There were groups of gray infantry in the field, walking, running, or standing still and firing; groups of lancers and dragoons trotting here and there, wheeling, galloping furiously at the men on foot. A number of foot soldiers were crowding around a mixed company of dragoons and Lancers, striking at them, shooting into them. He saw the Lieutenant-colonel of his own regiment tumble out of his saddle; saw Major Lent put his horse to a dead run and ride over a squad of infantry; saw Colonel Arran disengage his horse from the crush, wheel, and begin to use his heavy sabre in the mass around him.
Bugles sounded persistently; he set spurs to his tired horse and rode toward the buglers, and found himself beside Colonel Arran, who, crimson in the face, was whipping his way out with dripping sabre.
Across a rivulet on the edge of the woods he could see the regimental colours and the bulk of his regiment re-forming; and he spurred forward to join them, skirting the edge of a tangle of infantry, dragoons, and lancers who were having a limited but bloody affair of their own in a cornfield where a flag tossed wildly—a very beautiful, square red flag, its folds emblazoned with a blue cross set with stars,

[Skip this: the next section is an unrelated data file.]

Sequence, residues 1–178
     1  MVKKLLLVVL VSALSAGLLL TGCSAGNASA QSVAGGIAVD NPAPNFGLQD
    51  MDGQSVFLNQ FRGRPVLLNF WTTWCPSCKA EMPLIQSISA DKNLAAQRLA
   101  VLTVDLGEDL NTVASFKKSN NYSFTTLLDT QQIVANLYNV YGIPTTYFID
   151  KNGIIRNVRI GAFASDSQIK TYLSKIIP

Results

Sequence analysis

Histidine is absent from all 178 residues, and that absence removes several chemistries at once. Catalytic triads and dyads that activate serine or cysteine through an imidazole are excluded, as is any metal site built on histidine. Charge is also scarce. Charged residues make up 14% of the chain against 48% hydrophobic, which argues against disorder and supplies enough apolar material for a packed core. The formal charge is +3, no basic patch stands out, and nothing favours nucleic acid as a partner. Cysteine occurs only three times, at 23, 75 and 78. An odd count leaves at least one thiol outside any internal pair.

Out of the melee a score of dishevelled lancers came plunging through the corn, striking right and left at the infantry that clung to them with the fury of panthers; the square battle flag, flung hither and thither, was coming close to him; he emptied his revolver at the man who carried it, caught at the staff, missed, was almost blinded by the flashing blast from a rifle, set spurs to his horse, leaned wide from his saddle, seized the silk, jerked it from its rings, and, swaying, deluged with blood from a sword-thrust in the face, let his frantic horse carry him whither it listed, away, away, over the swimming green that his sickened eyes could see no longer.
On every highway, across every wood trail, footpath, and meadow streamed the wreckage of seven battle-fields. Through mud and rain crowded heavy artillery, waggons, herds of bellowing cattle, infantry, light batteries, exhausted men, wounded men, dead men on stretchers, men in straw-filled carts, some alive, some dying. Cannoneers cut traces and urged their jaded horses through the crush, cursed and screamed at by those on foot, menaced by bayonets and sabres. The infantry, drenched, starving, plastered with mud to the waists, toiled doggedly on through the darkness; batteries in deplorable condition struggled from mud hole to mud hole; the reserve cavalry division, cut out and forced east, limped wearily ahead, its rear-guard firing at every step.